# Tagged Questions

The property of an object that determines how much it responds to a force in Newtonian mechanics, and how much it interacts with gravity in the Newtonian framework. Mass also refers to the intrinsic energy of a particle in particle physics.

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### Why should it be allowed to set the einbein to unity?

The Polyakov action for a massive free point particle with worldline $\gamma$ is given by $$S[\gamma] = \frac{1}{2}\int_\gamma e \biggl(\frac{1}{e^2}\dot{x}^2 - m^2\biggr)\mathrm{d}\tau$$ where $e$...
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### Why does my apple not weigh 500 tons?

Related to this question: What is potential energy truly? $E=mc^2$ - energy equals mass. So, if an object has gravitational potential energy relative to another object, it should have additional mass ...
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### Is a block of cotton heavier than a block of iron?

if i have a block of cotton and a block of iron each containing a weight of 100 kg when measured on a weighing machine, in reality which one is heaver than the other, which one is heavier and why? ...
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### How can a pion have a mass, given it's a “field mediator” and created/destroyed continuously?

Maybe some of my assumptions here are basically wrong, but isn't it true that pion is the "mediator" for the strong force field. the quantum field theory basically says that there are no fields, ...
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### Is there a theory which treats particles as classical point singularities?

Is there a published theory that looks at all matter as occupying no space and only being felt because of its gravitational pull? We've been taught in school that matter has mass and occupies space. ...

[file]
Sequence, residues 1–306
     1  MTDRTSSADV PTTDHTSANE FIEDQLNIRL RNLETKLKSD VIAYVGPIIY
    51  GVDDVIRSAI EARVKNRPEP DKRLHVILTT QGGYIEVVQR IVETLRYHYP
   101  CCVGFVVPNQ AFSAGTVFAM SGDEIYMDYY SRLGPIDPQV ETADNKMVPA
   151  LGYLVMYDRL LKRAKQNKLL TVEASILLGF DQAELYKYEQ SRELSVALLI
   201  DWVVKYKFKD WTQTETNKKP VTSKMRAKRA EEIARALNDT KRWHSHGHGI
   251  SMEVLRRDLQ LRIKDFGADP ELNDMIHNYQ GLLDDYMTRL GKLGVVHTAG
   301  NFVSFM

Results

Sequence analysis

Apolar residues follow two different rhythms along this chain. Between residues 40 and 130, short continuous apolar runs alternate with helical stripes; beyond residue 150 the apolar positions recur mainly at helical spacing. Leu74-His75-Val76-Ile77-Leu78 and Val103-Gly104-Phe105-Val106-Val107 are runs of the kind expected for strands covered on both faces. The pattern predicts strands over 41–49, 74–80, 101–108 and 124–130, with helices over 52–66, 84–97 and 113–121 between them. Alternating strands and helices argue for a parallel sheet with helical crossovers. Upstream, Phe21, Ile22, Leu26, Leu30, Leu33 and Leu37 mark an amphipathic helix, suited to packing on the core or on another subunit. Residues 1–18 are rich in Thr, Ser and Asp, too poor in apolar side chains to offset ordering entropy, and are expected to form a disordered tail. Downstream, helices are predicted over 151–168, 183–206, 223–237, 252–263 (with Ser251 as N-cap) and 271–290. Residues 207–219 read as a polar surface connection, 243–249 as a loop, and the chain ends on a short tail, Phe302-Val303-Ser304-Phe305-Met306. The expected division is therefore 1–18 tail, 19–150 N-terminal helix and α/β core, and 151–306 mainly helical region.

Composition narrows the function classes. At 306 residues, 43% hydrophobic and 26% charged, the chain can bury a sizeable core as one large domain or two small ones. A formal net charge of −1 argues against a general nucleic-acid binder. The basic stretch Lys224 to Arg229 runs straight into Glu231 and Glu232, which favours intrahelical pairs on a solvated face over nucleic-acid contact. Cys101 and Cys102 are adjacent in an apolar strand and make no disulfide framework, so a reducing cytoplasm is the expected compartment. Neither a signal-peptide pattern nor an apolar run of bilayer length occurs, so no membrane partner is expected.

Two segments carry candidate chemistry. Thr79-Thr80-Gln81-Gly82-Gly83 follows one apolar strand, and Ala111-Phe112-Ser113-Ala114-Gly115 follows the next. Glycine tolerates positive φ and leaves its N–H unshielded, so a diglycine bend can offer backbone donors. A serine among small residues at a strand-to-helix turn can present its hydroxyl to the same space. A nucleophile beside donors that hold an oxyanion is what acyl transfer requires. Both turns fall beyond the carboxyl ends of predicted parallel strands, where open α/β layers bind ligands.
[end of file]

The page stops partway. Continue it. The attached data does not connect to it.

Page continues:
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### Do we say that phonon has effective mass through its dispersion relation?

The effective mass is proportional to the second derivative of the dispersion relation d2k/dE2. Do we say that phonon have effective mass through it ? Spin wave have.
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### Why are particles different sizes?

Is it correct in saying that a particles size is it's rest energy, and that particles don't actually have size (in the way you get different size objects)? What defines what sizes a particle can be? ...
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### Difference between KE “relativistic” mass and heat mass

I have been told in several answers that the term "relativistic mass" is no longer considered adequate wrt. the mass/energy increase in KE. Yet, I read that 1 Kg of gold's mass ingreases by 10^-14 Kg ...
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### What is “mass” in particle physics? [duplicate]

It's clear, from reading pop-science articles about the Higgs boson, that particle physicists have something very specific in mind when they say "mass". In classical physics the mass of a particle is ...
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### How to calculate the highest theoretical artificial hill?

The biggest peak in the world is Mount Everest. Imagine someone starting to make an artificial hill (like pyramide) from soil (earth). So, when starting with an 200x200 Km base area, with 45degree ...
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### How to get the accurate relativistic momentum form for photons? [duplicate]

I have studied from Griffiths, the relativistic form of momentum is $$p = \frac{1}{\sqrt{1-\frac{v^2}{c^2}}} m_0v$$ Now when I evaluate the momentum for photon, I just insert $v=c$ and $m_0=0$ and I ...
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### Determination of mass density distribution of an object

This is a follow-up to a previous question How can you weigh your own head in an accurate way?. My purpose is not to restart the flurry of more or less humorous jokes (which are not such a bad thing ...
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### Mass and Energy

Would the mass of burnt firewood be equal to the mass of firewood before burning? Then where does that heat come from? According to Einstein's equation, $E=mc^2$ Shouldn't there be some mass going ...
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### Do photons have mass? [duplicate]

As a student in a highschool physics class, my teacher has repeatedly told me that photons are massless. Yet, I have also heard from other sources that photons have momentum. If photons were to have ...
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### How are weights and scales used by the public calibrated?

My physics teacher has a set of masses: things from 1 to 10 grams. My chemistry teacher has electronic balances that measures things in grams. In France, there is a block of metal we hope no one ...
Suppose we have an object of volume $1\: \mathrm{m^3}$. Mass of that object is $500\: \mathrm{kg}$, which means that the density of the object is $500\: \mathrm{kg/m^3}$. If the object is in water it ...